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The Dolgellau office have a beautiful coloured mine plan of Maen Offeren Slate Quarry it is a real work of art (and a lot more understandable than some). It is very large. They offered to PHOTOGRAPH it for me. At the time it was going to cost £8 per photo. I dread to think how much that would have added up to.

One thing that might be useful to you (but not in the case I mentioned) is that the Coal Authority did borrow a few of their mine plans and scan them in to their system.

I share your frustration with GA service.
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ChrisJC

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Location: Northants

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Posted: 05/07/2018 19:18:25
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For the record, I have been getting Inclosure Maps from the National Archives at Kew, for £38.75 a sheet. That is a photograph shipped as a TIFF file.

Chris.
IP: 94.126.234.198
Karl Marx

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Posted: 05/07/2018 20:20:28
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The difference with the NA is that you are permitted to photograph these things yourself.

Large scale scanning is a premium service. If that's on offer, then great, but when that's what you are compelled to do, that's appalling for a council R/O.
IP: 173.239.232.165
Tamarmole

Joined: 20/05/2009
Location: Tamar Valley

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Posted: 05/07/2018 22:19:49
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Dealing with archives and libraries is getting increasingly difficult (for difficult read expensive). As an author I find reproduction fees for images has, in some cases, become prohibitive. For example I recently wanted to use four 18th century images in a paper, the archive who held the collection wanted a couple of hundred quid in reproduction fees. Given that I am not making anything on the paper, in fact it has probably cost me a few hundred quid in visits to archives etc I cannot justify the expense. Consequently my paper is the poorer for their omission and the images will continue to lie unseen in the depths of a library.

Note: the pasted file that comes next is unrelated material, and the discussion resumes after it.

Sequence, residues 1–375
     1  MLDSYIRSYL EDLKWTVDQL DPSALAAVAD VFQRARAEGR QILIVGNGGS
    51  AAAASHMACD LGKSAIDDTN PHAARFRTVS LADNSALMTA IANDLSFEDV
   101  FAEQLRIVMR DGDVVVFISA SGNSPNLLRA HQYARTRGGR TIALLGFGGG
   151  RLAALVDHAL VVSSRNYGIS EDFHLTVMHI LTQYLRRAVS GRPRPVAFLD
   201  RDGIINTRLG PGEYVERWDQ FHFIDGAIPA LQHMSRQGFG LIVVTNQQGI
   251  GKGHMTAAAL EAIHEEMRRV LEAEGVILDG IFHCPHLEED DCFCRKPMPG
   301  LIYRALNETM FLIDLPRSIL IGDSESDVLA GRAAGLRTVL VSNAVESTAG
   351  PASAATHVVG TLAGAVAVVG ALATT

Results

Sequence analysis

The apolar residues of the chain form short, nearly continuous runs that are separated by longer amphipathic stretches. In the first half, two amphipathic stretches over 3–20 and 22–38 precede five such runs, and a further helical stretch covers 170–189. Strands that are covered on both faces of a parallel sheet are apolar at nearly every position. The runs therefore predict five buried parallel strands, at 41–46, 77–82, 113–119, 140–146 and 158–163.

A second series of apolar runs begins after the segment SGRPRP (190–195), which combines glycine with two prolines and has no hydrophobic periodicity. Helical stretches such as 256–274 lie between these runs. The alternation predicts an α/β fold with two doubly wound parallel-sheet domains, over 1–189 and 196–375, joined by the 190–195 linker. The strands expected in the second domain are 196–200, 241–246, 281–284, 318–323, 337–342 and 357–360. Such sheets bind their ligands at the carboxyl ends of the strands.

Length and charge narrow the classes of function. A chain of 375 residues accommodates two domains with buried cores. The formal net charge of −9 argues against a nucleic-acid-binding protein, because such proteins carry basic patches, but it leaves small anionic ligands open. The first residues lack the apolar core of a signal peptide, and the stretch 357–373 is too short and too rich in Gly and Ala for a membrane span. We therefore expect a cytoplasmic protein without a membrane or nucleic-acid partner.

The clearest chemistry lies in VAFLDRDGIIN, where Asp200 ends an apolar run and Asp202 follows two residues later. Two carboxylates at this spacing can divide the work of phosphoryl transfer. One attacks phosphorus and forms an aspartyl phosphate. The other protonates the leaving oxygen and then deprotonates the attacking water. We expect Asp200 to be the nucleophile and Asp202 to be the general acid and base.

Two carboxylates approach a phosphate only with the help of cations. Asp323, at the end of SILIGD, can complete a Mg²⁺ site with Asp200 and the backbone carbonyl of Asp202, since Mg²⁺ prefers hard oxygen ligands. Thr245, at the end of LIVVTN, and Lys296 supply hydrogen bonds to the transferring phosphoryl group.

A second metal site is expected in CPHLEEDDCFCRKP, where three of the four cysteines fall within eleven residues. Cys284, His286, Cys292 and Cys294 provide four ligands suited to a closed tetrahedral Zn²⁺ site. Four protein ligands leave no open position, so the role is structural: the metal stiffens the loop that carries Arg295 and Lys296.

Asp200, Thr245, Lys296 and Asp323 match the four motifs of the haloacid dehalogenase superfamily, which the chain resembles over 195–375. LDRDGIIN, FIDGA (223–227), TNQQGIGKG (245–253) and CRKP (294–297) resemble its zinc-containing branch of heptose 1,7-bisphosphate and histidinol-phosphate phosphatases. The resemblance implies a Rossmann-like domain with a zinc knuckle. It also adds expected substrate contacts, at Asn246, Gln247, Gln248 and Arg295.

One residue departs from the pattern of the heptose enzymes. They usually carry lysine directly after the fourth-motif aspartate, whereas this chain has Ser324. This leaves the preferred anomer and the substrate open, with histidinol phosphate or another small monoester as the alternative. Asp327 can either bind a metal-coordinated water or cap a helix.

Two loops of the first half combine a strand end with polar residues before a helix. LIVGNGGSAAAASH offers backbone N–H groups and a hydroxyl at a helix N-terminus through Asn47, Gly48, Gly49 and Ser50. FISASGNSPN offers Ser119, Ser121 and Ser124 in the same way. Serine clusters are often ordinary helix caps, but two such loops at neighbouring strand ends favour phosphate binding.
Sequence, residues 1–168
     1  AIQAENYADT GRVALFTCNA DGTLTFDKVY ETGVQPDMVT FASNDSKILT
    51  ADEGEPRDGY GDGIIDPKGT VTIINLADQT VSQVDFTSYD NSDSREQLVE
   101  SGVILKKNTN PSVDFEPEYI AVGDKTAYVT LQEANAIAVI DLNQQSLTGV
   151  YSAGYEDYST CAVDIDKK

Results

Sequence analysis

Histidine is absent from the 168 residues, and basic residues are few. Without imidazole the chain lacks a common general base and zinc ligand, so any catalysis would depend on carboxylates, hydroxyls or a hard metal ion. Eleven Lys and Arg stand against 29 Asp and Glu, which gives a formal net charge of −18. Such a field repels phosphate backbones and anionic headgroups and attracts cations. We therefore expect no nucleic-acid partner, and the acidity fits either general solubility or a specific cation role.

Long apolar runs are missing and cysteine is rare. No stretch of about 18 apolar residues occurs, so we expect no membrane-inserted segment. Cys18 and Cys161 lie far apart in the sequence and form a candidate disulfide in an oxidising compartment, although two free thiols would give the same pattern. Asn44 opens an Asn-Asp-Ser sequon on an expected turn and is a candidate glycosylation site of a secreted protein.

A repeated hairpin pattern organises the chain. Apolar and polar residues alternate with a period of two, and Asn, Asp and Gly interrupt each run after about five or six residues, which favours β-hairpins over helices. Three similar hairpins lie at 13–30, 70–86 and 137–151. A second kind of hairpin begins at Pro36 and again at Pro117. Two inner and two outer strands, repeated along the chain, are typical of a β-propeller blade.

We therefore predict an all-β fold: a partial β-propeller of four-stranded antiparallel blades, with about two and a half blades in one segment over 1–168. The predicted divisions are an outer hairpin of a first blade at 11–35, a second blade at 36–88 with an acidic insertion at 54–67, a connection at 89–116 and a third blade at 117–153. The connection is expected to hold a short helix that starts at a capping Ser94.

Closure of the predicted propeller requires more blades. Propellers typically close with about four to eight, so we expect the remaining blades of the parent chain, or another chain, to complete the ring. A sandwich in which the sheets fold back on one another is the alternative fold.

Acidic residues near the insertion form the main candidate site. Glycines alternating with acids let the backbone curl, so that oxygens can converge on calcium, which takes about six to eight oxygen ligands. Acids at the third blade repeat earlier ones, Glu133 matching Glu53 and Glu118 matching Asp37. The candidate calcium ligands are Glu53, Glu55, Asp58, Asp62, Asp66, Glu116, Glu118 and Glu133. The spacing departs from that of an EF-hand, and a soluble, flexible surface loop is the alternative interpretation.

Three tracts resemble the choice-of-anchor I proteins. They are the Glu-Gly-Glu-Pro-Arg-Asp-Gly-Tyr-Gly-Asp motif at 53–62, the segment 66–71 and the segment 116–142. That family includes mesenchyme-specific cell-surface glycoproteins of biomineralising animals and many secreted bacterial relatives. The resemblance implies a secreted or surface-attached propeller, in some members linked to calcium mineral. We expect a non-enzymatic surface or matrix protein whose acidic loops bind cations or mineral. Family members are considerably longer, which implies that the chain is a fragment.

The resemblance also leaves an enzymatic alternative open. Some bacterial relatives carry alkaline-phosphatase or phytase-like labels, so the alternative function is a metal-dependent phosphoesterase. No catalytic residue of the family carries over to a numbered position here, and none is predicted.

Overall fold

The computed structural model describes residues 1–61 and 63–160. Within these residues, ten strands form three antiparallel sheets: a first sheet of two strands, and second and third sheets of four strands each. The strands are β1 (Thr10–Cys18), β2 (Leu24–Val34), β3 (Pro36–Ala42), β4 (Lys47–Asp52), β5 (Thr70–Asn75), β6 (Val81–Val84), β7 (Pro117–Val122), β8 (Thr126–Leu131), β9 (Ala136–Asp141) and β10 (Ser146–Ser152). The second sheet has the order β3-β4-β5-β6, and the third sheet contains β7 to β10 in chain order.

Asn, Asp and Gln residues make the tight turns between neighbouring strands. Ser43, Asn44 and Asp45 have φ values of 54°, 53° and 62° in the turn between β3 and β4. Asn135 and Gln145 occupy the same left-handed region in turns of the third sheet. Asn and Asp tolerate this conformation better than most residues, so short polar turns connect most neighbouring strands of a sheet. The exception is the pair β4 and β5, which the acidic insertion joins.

Whilst I have no real objection to paying a reasonable fee I do get f****d off when scholarship and the dissemination of knowledge suffers as a consequence of excessive costs.

The are some notable exceptions, Birmingham Library service (for example) allowed me to reproduce a number of Boulton & Watt drawings in my engines book at no cost. Likewise Ironbridge Museum did not charge me to use one of their images. Result a lot of people get access to historically important and rare images - surely this is the whole point of an archive.

IP: 86.134.159.71
grahami

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Joined: 29/01/2007
Location: Telford, Shropshire

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Posted: 05/07/2018 23:36:41
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This is a problem of very long standing, 30 years ago I seriously suggested to them after frustrating couple of days going through Oakley plans one by one, that it would be a lot easier and less damaging if they photographed their large plans etc, and made available a catalogue of the prints so researchers could have a good idea which they actually needed to see in the flesh. It would have avoided the tedious business of requesting a plan, waiting while the staff extricated it, unrolling it (carefully) only to take one 10 second glance at it and then roll it up and on to the next. In these days of digital photography, relatively low Res images could be created very easily and made available to view. However it would all take time a d personnel, both of which are increasingly in short supply. Dolgellau record office is only open on Monday and Tuesday with caernarfon Wednesday, Thursday and Friday.